Transferring Speech and Gesture into Music: Historical Examples
Long time before the onset of the recording era composers have preserved the inflexions of speech and the range and character of gestures in their music. In this paper, I will focus on examples of dramatic composers who started the creation of their music by declaiming their libretti and by musicalizing gestural processes. When exploring these kinds of creative strategies, a vast number of sources and consequently of research methods are relevant. First, the contemporary styles, characteristics and means of speech and gesture have to be evaluated as they are preserved in various written, recorded and iconographical sources like declamation textbooks, film soundtracks and etchings of actors and dancers, among many others. Gestures and speech change over time. Methods and scientific areas which are relevant in this context are those related to speech like phonetics and the history of spoken language, (music) iconography as well as theatre, dance and film studies.
Second a vast array of contemporary documents like diary entries, letters, newspaper essays both from the composer’s hand and his/her environment that originate from the time of the composition may give hints about their creative strategies that complement the preserved musical documents. The contextualization of these kinds of sources extends beyond the purely musical, for instance, into the realm of the social and political.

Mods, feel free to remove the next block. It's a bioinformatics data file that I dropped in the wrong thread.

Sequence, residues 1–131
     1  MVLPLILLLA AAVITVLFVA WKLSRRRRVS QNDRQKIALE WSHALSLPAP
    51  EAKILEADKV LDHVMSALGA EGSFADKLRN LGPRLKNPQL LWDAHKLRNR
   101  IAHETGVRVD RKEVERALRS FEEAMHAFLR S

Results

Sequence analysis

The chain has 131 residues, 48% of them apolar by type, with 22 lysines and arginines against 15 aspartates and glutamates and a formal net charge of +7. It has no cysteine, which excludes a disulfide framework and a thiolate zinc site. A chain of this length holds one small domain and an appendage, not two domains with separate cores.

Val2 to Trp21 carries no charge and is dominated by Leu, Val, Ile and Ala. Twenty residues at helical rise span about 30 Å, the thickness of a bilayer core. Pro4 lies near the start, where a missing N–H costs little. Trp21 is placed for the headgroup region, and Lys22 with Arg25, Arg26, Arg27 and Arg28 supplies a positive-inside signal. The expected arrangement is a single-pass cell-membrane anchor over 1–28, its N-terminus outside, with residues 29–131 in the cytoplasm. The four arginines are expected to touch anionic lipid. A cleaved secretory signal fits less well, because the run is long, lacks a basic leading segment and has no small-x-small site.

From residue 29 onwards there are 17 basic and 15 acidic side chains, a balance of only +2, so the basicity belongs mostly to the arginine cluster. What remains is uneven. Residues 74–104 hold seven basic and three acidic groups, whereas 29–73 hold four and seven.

Third, notations of the first musical ideas like sketches and drafts are of prime interest because all the musical parameters become manifest here for the first time and changes that may occur can give hints about compositional decisions on a microlevel. Here, music analysis is of crucial importance when, for instance, comparing the sketches with the printed score or within different classes of sketches and musical notes. The linguist and theatrical research areas mentioned above have to be taken as a point of departure for this kind of music analysis, for instance phonetics or the iconography of gestures of the past.
Examples I would like to present are Jean Baptiste Lully’s and Richard Wagner’s operas. By taking a look at all the different classes of sources and methods mentioned above the degree of similarity of their vocal lines to spoken language and the closeness of their vocal- instrumental facture to the timing and range of gesture will become evident. Finally, the research value of this interdisciplinary approach for the non-musicological disciplines that are involved, will be outlined.
Linnæus University, Sweden
He studied musicology, theology and philosophy at the E.-M.-ArndtUniversity in Greifswald, the Humboldt- University in Berlin and the Technical University in Dresden, attained the grade of a Magister Artium (M.A.) in musicology 2000 in Dresden and the grade of a Dr. phil. 2006 in Greifswald. Doctoral scholarship of the German state Mecklenburg-Vorpommern. Since 2007 lectureships at the E.-M.-ArndtUniversity in Greifswald, the Technical University in Berlin, and the Royal College of Music in Stockholm. Postdoctoral research fellow at the University of Stockholm. Since 2013 Senior lecturer in Musicology at the Linnæus University in Växjö, Sweden. Since 2015 member of the research center “Intermedial and Multimodal Studies” at Linnæus University.